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Brown: Atlas of Regional Anesthesia, 3rd ed., Copyright © 2006 Saunders, An Imprint of Elsevier
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The sciatic nerve is formed from the L4–S3 roots. These roots of the sacral plexus form on the anterior surface of the lateral sacrum and are assembled into the sciatic nerve on the anterior surface of the piriformis muscle. The sciatic nerve results from fusion of two major nerve trunks: The “medial” sciatic nerve is functionally the tibial nerve, which forms from the ventral branches of the ventral rami of L4–L5 and S1–S3. The posterior branches of the ventral rami of these same nerves form the “lateral” sciatic nerve, which is functionally the peroneal nerve. As the sciatic nerve exits the pelvis, it is anterior to the piriformis muscle and is joined by another nerve, the posterior cutaneous nerve of the thigh. At the inferior border of the piriformis, the sciatic and posterior cutaneous nerves of the thigh lie posterior to the obturator internus, the gemelli, and the quadratus femoris. At this point, these nerves are anterior to the gluteus maximus. Here, the nerve is approximately equidistant from the ischial tuberosity and the greater trochanter ( Figs. 12-1 , 12–2 , 12–3 ). The nerve continues on a downward course through the thigh to lie along the posterior medial aspect of the femur. At the cephalad portion of the popliteal fossa, the sciatic nerve usually divides to form the tibial and common peroneal nerves. Occasionally, this division occurs much higher, and sometimes the tibial and peroneal nerves are separate through their entire course. In the popliteal fossa, the tibial nerve continues its downward course into the lower leg, whereas the common peroneal nerve travels laterally along the medial aspect of the short head of the biceps femoris muscle.

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Figure 12-1  Sciatic nerve anatomy: anterior oblique view.

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Figure 12-2  Sciatic nerve anatomy: posterior view.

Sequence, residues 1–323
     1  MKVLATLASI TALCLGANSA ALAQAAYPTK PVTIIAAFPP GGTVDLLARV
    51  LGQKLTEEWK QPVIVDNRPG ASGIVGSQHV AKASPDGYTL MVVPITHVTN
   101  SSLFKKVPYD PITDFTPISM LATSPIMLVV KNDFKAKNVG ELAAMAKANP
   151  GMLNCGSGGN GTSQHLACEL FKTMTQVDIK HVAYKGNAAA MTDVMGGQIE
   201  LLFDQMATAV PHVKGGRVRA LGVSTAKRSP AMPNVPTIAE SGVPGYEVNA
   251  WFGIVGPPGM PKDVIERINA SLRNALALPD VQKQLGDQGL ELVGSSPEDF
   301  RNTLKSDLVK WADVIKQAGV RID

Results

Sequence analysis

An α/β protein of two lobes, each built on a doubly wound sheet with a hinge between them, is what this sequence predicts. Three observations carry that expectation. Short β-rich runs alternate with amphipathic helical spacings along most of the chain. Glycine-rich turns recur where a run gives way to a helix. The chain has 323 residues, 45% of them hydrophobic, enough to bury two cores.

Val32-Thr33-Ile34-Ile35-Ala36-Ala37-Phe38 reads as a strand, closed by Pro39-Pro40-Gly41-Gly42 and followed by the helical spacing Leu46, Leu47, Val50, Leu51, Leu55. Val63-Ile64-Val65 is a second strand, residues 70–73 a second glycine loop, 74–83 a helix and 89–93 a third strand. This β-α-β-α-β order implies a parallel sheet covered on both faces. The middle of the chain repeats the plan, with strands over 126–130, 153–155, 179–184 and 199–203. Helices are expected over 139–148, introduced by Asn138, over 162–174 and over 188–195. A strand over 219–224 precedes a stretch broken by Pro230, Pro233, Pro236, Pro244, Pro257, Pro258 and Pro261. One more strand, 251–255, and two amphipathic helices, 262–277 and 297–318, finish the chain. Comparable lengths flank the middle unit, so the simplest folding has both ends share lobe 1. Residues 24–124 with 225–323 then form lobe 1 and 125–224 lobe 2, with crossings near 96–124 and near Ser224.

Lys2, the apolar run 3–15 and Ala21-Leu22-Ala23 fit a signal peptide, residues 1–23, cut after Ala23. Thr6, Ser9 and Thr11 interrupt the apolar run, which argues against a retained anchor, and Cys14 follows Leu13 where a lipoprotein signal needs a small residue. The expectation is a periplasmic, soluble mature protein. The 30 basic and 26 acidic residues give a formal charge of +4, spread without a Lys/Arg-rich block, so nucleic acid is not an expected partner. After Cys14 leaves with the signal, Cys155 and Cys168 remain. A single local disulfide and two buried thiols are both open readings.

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Figure 12-3  Sciatic nerve anatomy: lateral view.

Classic Approach: Sciatic Block


The patient is positioned laterally, with the side to be blocked nondependent. The flexed, nondependent leg supports the patient by placing the heel of the nondependent leg opposed to the knee of the dependent leg ( Fig. 12-4 ). The anesthesiologist is positioned to allow insertion of the needle, as shown in Figure 12-4 .

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Figure 12-4  Sciatic nerve block: classic technique and positioning.

Needle Puncture.

A line is drawn from the posterosuperior iliac spine to the midpoint of the greater trochanter. Perpendicular to the midpoint of this line, another line is extended caudomedially for 5 cm. The needle is inserted through this point. As a cross-check for proper placement, an additional line may be drawn from the sacral hiatus to the previously marked point on the greater trochanter. The intersection of this line with the 5-cm perpendicular line should coincide with the needle insertion site ( Fig. 12-5 ).

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Figure 12-5  Sciatic nerve block: technique of surface markings.

A 22-gauge, 10- to 12-cm needle is inserted at this site, as illustrated in Figure 12-4 . The needle should be directed through the entry site toward an imaginary point where the femoral vessels course under the inguinal ligament. The needle is inserted until a paresthesia is elicited or until bone is contacted. If bone is encountered before a paresthesia is elicited, the needle is redirected along the line joining the sacral hiatus and the greater trochanter until a paresthesia or motor response is elicited. During this needle redirection, the needle should not be inserted more than 2 cm past the depth at which bone was originally contacted lest the needle tip be placed anterior to the site of the sciatic nerve. Once a paresthesia or motor response is elicited, 20 to 25 mL of local anesthetic is injected.

Potential Problems.

In patients in whom the sciatic block is being used for an injury to the lower extremity, the classic position is sometimes difficult to use. The block can also be of long duration, and patients should be warned of this possibility preoperatively to prevent undue concern postoperatively. Although unsubstantiated, some think that dysesthesias are more common after this block than after other peripheral blocks.


The keys to making this block work are adequate positioning of the patient and systematic redirection of the needle until a paresthesia is obtained.

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